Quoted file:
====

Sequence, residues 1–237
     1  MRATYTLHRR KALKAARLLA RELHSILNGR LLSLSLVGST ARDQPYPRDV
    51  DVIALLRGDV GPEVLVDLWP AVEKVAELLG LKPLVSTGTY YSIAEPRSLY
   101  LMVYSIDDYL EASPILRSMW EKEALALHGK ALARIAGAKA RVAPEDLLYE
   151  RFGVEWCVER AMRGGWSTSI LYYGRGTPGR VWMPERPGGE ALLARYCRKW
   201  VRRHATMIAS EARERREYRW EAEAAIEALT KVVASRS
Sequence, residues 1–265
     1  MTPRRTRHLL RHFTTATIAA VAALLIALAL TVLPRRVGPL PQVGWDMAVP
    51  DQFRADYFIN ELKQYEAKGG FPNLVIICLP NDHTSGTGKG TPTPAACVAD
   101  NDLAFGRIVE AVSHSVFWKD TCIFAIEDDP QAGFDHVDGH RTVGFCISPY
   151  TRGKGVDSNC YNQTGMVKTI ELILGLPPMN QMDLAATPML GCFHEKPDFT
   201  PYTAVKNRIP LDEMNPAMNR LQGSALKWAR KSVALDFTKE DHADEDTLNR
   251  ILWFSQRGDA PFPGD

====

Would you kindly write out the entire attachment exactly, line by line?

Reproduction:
Sequence, residues 1–237
     1  MRATYTLHRR KALKAARLLA RELHSILNGR LLSLSLVGST ARDQPYPRDV
    51  DVIALLRGDV GPEVLVDLWP AVEKVAELLG LKPLVSTGTY YSIAEPRSLY
   101  LMVYSIDDYL EASPILRSMW EKEALALHGK ALARIAGAKA RVAPEDLLYE
   151  RFGVEWCVER AMRGGWSTSI LYYGRGTPGR VWMPERPGGE ALLARYCRKW
   201  VRRHATMIAS EARERREYRW EAEAAIEALT KVVASRS
Sequence, residues 1–265
     1  MTPRRTRHLL RHFTTATIAA VAALLIALAL TVLPRRVGPL PQVGWDMAVP
    51  DQFRADYFIN ELKQYEAKGG FPNLVIICLP NDHTSGTGKG TPTPAACVAD
   101  NDLAFGRIVE AVSHSVFWKD TCIFAIEDDP QAGFDHVDGH RTVGFCISPY
   151  TRGKGVDSNC YNQTGMVKTI ELILGLPPMN QMDLAATPML GCFHEKPDFT
   201  PYTAVKNRIP LDEMNPAMNR LQGSALKWAR KSVALDFTKE DHADEDTLNR
   251  ILWFSQRGDA PFPGD